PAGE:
Traditional powers Brazil and Argentina, who have won a combined seven World Cups, have struggled to find consistency so far, mostly because of the quality of the competition they have faced. While Paraguay leads the group in style, several other teams have also demonstrated the determination needed to warrant a World Cup berth.
Here's a brief guide of what we can look forward to in the next two rounds of the 2010 South American World Cup qualifiers.
Argentina is in a must-win situation at home against Uruguay in the latest edition of el clásico rioplatense, a derby that dates back to 1901, when Argentina beat Uruguay 3-2 in Montevideo. Los Albicelestes haven't managed a win in their last five World Cup qualifiers and will be desperate to end the drought against their geographical neighbors on Saturday. The outcome of the match will likely determine Argentina head coach Alfio Basile's fate, as his side hasn't claimed victory in almost a year. With the wealth of talent at Basile's disposal, Argentina should be doing a whole lot better. The pressure leading up to the derby with Uruguay is so intense, Basile announced he won't attend the customary press conference prior to the match because it could affect his health (he suffers from heart problems).
Uruguay, on the other hand, come into the clash undefeated in its last four matches and seems more than capable of upsetting the highly fancied Argentines at El Monumental. Óscar Wáshington Tabárez may counter with a talented squad, but Uruguay has lacked imagination in its midfield in recent World Cup qualifiers, which was particularly noticeable in a frustrating goalless draw with Ecuador in Montevideo last month. Since Álvaro Recoba quit the national team after last year's Copa América semifinal loss to Brazil, Uruguay has not found a suitable replacement. But Tabárez also has other concerns, one of these being that his top goal-scorer, Diego Forlán, will miss both matches due to injury. In-form Sevilla striker Ernesto Chevantón (who scored against Argentina in a 4-2 defeat in a '06 World Cup qualifier) will likely replace Forlán.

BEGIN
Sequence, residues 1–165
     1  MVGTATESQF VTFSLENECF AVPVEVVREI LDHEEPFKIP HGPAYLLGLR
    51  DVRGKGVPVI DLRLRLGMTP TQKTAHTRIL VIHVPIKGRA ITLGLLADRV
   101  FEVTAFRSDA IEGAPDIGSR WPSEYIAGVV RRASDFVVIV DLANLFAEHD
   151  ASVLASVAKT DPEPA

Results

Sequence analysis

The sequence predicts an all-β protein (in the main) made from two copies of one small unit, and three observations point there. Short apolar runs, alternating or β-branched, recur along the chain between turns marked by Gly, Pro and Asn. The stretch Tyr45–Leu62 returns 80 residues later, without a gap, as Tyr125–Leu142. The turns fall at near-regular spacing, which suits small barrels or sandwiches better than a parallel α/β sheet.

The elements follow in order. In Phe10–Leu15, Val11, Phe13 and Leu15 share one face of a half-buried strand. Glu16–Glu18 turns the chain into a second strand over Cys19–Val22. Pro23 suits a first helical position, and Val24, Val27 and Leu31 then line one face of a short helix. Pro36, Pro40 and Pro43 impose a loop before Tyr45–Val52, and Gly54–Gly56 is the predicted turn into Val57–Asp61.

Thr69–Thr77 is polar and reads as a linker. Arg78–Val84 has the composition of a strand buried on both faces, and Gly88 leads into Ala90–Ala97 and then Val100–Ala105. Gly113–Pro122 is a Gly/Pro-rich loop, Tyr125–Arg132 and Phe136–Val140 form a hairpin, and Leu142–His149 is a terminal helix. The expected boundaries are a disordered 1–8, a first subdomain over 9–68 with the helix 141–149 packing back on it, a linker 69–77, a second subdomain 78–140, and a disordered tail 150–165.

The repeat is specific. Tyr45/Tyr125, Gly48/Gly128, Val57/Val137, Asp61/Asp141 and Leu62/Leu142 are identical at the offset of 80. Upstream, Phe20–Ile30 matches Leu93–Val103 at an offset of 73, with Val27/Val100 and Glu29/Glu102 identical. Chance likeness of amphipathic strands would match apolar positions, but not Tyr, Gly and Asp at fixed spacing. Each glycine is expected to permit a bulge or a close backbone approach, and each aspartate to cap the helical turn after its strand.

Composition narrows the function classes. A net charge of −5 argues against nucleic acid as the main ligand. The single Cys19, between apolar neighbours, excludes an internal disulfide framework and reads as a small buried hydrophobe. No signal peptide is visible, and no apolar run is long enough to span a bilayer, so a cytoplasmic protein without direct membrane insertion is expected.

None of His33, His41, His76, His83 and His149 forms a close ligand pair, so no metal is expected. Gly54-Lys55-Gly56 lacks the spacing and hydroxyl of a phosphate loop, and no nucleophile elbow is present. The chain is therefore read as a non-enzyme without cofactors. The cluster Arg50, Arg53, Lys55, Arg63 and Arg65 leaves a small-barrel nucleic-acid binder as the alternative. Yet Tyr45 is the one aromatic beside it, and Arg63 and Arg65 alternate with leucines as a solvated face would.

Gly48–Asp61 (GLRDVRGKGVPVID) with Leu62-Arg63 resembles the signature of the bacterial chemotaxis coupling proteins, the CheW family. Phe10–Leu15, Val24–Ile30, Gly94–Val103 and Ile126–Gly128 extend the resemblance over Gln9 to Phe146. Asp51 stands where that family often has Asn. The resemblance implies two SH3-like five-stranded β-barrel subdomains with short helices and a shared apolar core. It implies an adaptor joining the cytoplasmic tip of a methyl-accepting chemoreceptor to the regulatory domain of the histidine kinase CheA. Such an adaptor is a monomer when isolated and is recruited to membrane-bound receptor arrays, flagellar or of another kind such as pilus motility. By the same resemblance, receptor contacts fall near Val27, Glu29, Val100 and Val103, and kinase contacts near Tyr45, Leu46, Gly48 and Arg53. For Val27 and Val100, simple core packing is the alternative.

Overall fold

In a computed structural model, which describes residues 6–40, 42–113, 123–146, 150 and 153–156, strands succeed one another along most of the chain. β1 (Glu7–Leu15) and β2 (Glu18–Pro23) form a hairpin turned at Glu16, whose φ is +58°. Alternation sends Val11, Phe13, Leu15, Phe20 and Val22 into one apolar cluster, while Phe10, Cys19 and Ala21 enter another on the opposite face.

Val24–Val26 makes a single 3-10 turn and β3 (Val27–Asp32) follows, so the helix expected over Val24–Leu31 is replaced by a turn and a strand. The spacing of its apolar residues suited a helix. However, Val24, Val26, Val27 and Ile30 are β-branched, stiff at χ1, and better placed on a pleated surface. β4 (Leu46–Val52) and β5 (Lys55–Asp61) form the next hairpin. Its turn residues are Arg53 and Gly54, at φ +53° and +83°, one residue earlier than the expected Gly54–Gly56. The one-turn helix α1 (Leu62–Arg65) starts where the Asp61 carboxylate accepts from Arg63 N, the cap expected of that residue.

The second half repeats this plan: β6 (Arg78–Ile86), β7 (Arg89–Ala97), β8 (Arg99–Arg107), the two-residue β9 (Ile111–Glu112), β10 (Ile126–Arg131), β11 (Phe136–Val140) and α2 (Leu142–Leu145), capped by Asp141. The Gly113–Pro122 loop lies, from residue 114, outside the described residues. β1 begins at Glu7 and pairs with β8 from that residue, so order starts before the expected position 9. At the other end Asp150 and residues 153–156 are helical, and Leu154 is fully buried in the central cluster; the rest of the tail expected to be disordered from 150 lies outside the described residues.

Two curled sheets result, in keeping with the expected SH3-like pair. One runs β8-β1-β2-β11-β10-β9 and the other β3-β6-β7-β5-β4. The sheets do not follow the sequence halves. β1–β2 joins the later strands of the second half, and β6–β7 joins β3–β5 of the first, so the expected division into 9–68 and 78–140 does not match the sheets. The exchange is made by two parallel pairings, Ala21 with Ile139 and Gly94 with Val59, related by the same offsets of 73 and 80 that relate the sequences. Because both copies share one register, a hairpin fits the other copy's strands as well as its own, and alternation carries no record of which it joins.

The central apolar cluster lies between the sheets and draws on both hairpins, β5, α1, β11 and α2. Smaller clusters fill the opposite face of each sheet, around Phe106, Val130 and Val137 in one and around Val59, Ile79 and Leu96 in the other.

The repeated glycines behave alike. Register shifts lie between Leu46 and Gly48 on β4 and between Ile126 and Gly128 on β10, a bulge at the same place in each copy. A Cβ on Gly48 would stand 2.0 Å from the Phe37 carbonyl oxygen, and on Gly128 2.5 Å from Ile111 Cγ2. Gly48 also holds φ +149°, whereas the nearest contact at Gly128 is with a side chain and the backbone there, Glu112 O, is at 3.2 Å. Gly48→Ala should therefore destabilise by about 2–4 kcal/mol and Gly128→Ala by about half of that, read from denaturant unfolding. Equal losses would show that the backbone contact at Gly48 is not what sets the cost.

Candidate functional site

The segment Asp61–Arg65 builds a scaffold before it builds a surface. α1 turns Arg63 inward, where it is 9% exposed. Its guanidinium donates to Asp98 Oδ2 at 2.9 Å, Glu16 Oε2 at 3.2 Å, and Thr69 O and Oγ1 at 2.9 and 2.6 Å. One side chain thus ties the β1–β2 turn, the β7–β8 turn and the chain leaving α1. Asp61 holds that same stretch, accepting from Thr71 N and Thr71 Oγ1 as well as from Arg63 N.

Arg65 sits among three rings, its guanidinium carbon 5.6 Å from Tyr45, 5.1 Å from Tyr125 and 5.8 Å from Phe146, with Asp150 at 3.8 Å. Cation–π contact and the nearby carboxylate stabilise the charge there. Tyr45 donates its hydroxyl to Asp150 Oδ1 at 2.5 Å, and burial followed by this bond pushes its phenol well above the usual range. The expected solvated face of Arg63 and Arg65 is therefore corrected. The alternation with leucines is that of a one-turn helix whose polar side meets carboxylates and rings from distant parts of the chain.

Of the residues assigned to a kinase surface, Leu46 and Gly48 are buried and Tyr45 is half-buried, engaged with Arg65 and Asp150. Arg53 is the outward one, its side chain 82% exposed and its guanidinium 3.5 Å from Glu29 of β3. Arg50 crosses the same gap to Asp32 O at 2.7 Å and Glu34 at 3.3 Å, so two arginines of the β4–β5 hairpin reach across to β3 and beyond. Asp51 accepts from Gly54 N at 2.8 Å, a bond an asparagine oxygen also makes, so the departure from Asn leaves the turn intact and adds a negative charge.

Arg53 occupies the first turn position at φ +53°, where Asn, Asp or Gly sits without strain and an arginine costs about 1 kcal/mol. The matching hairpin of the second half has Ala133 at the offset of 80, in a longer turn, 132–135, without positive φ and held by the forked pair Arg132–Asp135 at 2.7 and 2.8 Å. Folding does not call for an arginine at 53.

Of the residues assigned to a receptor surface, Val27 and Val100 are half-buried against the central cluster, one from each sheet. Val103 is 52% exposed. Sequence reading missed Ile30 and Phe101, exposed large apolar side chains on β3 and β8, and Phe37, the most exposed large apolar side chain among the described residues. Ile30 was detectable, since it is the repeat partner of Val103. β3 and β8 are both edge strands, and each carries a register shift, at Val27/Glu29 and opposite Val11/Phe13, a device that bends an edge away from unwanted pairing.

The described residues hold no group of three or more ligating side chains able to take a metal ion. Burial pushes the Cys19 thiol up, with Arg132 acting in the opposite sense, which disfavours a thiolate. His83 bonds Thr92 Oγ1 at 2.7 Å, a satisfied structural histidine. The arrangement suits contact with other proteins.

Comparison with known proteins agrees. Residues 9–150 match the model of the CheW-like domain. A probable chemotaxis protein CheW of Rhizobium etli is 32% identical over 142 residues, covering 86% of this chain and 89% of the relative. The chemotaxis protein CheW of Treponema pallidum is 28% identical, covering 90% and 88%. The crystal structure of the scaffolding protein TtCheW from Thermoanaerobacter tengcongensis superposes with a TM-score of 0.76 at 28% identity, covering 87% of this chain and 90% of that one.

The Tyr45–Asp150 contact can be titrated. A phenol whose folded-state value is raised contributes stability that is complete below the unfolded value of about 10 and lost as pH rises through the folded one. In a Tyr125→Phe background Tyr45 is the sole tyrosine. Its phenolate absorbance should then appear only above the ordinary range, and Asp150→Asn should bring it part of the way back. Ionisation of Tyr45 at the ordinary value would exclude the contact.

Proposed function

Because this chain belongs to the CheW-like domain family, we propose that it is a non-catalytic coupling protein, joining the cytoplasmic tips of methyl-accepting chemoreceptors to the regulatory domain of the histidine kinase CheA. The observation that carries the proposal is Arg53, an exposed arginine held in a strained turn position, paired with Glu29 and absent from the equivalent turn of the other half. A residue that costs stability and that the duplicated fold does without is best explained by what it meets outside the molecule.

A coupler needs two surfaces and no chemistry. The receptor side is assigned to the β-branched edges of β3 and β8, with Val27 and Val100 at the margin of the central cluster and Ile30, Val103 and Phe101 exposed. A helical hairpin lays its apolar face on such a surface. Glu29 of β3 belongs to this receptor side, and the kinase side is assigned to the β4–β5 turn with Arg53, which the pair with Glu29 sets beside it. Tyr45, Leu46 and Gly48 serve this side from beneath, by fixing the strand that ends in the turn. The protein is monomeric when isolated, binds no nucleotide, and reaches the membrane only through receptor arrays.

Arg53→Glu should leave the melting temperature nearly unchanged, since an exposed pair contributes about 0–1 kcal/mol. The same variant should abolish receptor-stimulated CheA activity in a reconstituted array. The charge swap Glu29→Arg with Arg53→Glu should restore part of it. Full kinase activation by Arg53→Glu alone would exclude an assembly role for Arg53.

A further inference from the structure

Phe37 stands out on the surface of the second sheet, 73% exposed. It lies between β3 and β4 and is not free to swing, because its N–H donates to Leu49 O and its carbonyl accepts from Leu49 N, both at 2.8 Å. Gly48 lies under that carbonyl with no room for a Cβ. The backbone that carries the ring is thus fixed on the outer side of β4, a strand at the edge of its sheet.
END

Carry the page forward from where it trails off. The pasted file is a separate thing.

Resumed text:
Brazil may be in second place and only four points behind group leader Paraguay, but its campaign has been largely disappointing so far. Last month the Seleção picked up a massive 3-0 win over Chile in Santiago, but just a few days later it could only manage a goalless draw with Bolivia at home, despite playing with an extra man for almost the entire second half. It was one of Brazil's worst displays in years. After, further pressure mounted on head coach Carlos Dunga, who has persisted with the same negative defensive tactics, despite heavy criticism. Like Basile, Dunga will be out of a job if Brazil fails to pick up at least four points from its two qualifiers with Venezuela and Colombia.
Dunga has selected a relatively similar squad to the one from last month. Kaká, as well as versatile winger Mancini and his Inter Milan teammate Adriano (who replaces an injured Luís Fabiano) are the most notable additions. On paper, Brazil has a fantastic squad; however, Dunga has yet to fine tune the team. As we approach the halfway stage of the qualifiers, Brazil will not only be expected to pick up positive results, but will need to demonstrate an exciting, attractive brand of soccer to its many fans. Its reputation counts on it.